If I had to criticise something, I would say that I felt that the eventual killer reveal was a little obvious. By process of elimination, I had already figured out who had to be responsible quite early in the story and I naturally prefer a novel which keeps me guessing to the last moment. There were also some horror clichés at work in the ending (which the novel seemed to be fully aware of) which I had seen just a few too many times before. I won’t go into detail as I don’t want to spoil the ending but I’ll just say that, while I can see why the author chose to use such plot devices in the name of misdirection, I had hoped to see something a little more original. It was also disappointing that the characters never discovered who set the bomb (this is revealed to the reader in the final chapter but I was expecting for it to tie into the murders in some way) but I accept that perhaps something more will be made of this in a future installment.
The strongest point of the novel by far was the protagonist. In Aimee, Pickens provided a very powerful and relatable female lead. Although her dialogue is a little exposition heavy at times, I felt that I could really connect with Aimee. I sympathised with her inability to allow herself to be close to others and appreciated her desire to show that she could use her powers to benefit others. Aimee’s friends, Dejana and Leah, were both also refreshingly strong characters and it was very nice to read a novel in a high school setting where the female leads have more to their personalities than an obsession with boys and make up.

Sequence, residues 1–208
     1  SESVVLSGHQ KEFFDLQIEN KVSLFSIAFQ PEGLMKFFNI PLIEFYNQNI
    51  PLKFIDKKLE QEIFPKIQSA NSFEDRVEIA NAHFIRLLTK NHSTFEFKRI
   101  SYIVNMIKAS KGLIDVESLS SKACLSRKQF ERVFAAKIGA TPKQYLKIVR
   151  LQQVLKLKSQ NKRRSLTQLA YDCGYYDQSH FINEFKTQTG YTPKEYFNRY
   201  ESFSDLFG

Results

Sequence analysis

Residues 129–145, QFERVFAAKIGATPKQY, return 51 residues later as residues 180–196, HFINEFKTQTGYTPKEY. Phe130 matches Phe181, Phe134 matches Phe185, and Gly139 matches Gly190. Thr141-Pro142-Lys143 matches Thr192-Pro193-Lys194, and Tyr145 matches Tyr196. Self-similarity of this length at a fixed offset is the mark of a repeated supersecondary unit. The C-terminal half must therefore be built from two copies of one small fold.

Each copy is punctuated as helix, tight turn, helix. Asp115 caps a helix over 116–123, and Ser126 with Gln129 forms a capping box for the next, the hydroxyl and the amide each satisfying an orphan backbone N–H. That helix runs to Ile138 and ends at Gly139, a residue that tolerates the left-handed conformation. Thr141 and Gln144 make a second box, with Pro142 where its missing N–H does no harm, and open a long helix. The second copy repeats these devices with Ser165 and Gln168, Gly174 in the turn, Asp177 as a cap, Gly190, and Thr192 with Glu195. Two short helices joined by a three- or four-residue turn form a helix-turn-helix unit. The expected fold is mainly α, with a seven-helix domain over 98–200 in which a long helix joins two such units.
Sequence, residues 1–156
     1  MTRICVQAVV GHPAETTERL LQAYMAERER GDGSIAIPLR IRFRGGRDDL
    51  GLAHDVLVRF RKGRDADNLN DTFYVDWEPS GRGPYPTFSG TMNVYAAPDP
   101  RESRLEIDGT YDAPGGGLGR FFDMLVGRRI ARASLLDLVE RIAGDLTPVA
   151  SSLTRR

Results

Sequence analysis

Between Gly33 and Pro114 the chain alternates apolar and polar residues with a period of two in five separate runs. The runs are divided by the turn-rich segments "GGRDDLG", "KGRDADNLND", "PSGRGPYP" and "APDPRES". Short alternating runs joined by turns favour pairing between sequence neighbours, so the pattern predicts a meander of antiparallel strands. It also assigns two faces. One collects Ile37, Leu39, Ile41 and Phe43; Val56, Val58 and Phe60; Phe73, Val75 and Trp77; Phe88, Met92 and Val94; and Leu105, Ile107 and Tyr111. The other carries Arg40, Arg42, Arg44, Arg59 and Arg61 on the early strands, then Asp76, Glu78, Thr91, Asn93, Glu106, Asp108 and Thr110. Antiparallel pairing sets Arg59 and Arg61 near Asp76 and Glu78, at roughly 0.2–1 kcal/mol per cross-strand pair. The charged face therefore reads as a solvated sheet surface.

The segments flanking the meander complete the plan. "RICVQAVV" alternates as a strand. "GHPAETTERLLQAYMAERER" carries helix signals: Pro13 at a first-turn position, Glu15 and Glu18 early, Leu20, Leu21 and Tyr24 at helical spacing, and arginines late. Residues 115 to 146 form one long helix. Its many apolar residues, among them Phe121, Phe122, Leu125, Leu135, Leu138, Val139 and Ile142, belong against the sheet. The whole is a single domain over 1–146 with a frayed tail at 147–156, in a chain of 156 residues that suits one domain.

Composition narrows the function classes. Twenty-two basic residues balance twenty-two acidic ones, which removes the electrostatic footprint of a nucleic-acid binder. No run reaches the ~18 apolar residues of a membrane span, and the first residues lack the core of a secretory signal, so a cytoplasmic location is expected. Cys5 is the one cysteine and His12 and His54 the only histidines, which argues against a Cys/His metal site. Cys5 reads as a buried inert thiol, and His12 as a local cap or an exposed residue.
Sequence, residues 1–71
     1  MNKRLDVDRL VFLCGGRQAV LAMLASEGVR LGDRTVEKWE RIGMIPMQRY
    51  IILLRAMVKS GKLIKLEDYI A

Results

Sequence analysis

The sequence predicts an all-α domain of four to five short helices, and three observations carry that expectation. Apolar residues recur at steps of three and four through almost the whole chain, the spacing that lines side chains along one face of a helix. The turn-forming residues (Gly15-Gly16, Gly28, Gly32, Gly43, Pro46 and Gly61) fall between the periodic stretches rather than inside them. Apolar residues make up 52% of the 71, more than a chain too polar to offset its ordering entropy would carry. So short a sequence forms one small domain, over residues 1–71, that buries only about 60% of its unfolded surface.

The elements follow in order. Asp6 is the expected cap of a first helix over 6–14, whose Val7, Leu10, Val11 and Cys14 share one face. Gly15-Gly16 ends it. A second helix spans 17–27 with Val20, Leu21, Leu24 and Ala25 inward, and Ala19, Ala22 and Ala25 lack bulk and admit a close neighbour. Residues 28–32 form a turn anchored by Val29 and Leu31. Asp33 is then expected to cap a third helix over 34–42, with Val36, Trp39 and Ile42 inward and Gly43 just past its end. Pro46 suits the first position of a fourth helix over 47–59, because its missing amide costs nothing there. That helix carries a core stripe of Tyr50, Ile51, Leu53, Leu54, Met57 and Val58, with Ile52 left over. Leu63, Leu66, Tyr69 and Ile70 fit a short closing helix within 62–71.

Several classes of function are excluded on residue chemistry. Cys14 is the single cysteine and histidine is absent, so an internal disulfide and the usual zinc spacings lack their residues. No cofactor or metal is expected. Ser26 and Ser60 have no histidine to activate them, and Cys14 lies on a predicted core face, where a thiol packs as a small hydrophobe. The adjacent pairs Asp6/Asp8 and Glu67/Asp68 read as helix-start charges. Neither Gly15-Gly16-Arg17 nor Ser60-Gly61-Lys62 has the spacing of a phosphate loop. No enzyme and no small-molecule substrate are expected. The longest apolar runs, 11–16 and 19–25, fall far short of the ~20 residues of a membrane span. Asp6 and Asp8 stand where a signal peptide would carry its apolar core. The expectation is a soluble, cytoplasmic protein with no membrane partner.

Aimee’s relationship with Logan was also portrayed believably within the story. When Logan was introduced as a character I was a little worried about his relationship with Aimee as I felt that the novel could easily turn into a typical paranormal romance, leaving Aimee to endlessly fawn over her dominant male counterpart. Fortunately, the romantic elements within the story were very downplayed, leading to a light and very sweet relationship between them. While Logan was the least memorable of the principal cast, he still made a nice counterpart for Aimee and allowed for her to develop beyond her “sullen Goth” persona.
So, what did I think on the whole? Well, The Haunting of Secrets is a very sound and well written mystery that kept me hooked from start to finish. While I found the ending to be a little predictable, the story more than made up for this with an incredibly strong female cast and some intriguing plot elements that I hope to see resolved in the sequel. The Haunting of Secrets is well worth a read and I’m very interested to take a look at more of Pickens’s work in the future.
The Haunting of Secrets can be purchased as a Paperback and eBook on Amazon.co.uk